Paul Patton attended the schools of Lawrence County in Northeastern Kentucky and graduated from Louisa High School in 1955 before enrolling in the University of Kentucky.
“As to why I joined Kappa Sigma, you have to realize how green I was. I really had no idea what college life was all about. As a freshman, I and my roommate, David Shortridge, also from Louisa, lived next to Bob Moody and Terry Kester, both from Northern Kentucky and much more sophisticated than we. They had pledged Beta-Nu in the fall. By the spring David and I realized that we needed an organization which could develop the social skills we would need to be competitive in the modern world. With Bob and Terry’s encouragement we pledged Beta-Nu. The association with the Brothers contributed greatly to our future successes. I made dear friends who I value even today.”
After graduation from the University of Kentucky with a degree in mechanical engineering in 1959 he began his professional career in the coal mining industry in Floyd County. During the next 20 years he built a successful coal business and was a leader in the industry. He was on the board of directors of the Kentucky Coal Association, a member of the Kentucky Deep Mine Safety Commission and chairman of the Board of the National Independent Coal Operators Association.
In 1979, Patton turned to public service. He served briefly as the deputy secretary of the Kentucky Transportation Cabinet and then was the chairman of the Kentucky Democratic Party from 1981 to 1983.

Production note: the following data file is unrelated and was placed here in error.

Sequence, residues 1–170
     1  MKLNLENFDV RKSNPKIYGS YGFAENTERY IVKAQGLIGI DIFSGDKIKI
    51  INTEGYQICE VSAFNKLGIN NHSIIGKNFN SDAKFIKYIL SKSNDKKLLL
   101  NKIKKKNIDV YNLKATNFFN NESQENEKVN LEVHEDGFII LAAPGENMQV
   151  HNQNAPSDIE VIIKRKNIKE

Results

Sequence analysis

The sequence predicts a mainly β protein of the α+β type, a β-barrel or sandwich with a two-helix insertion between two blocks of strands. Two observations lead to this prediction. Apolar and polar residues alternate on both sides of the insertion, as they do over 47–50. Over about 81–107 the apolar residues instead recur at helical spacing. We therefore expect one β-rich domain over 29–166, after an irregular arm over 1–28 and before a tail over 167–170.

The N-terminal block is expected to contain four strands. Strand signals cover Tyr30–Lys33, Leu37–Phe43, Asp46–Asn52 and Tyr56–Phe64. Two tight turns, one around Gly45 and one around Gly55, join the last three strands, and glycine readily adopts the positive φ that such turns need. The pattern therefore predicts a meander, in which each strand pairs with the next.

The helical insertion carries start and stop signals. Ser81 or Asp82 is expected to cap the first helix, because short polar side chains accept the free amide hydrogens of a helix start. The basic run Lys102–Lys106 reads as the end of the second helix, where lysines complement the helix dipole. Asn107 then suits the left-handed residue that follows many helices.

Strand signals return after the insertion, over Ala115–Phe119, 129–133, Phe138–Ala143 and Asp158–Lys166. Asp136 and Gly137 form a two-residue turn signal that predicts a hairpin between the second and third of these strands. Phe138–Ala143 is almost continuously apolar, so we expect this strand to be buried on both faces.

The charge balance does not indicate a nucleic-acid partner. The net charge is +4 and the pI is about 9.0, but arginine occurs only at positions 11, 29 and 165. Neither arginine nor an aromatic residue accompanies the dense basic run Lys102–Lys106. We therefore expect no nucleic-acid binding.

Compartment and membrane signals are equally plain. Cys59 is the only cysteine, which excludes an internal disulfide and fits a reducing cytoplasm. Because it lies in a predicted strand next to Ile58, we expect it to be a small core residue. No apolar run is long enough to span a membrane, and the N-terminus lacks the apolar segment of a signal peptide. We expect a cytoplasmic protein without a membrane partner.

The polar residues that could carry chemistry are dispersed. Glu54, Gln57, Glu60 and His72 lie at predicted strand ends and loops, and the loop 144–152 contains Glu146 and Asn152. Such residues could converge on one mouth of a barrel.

In 1981, he was elected county judge executive of Pike County where he served for 10 years. Patton successfully secured the adoption of the first universal mandatory county-wide solid waste collection program in Kentucky. He also concentrated on the construction of rural roads, recreation facilities, county buildings, and economic development efforts.
In 1991 he became Kentucky’s lieutenant governor and also served as secretary of Economic Development. He spearheaded a redesign of Kentucky economic development efforts, securing the adoption of four economic development incentive programs and secured the establishment of the Kentucky Economic Development Partnership to administer the Kentucky economic development program.. He was elected governor in 1995. An advocate for higher education, he led the effort to persuade the General Assembly to enact the Higher Education Reform Act of 1997. He established the Bucks for Brains program to fund endowed chairs and professorships at the state universities. He helped the state make progress on many fronts including worker’s compensation, juvenile justice, domestic violence and child abuse prevention, early childhood education, historic preservation and infrastructure construction.
Patton’s early realization of the importance of education is revealed by his acceptance of an appointment to the Board of Trustees of Pikeville College in 1973 where he served until the unexpected opportunity to actually work as an education administrator materialized in the fall of 2009 when he was appointed President of the institution. He led the college to double its enrollment and to become a university. It is now regarded as the leading university of Central Appalachia. In 2013 he stepped down from the presidency to assume the position of Chancellor, the position he holds today. In April of 2015 he was appointed interim president of the University of Pikeville pending the recruitment of a new president.
He is married to Judi Conway Patton and they have four children and three grandchildren.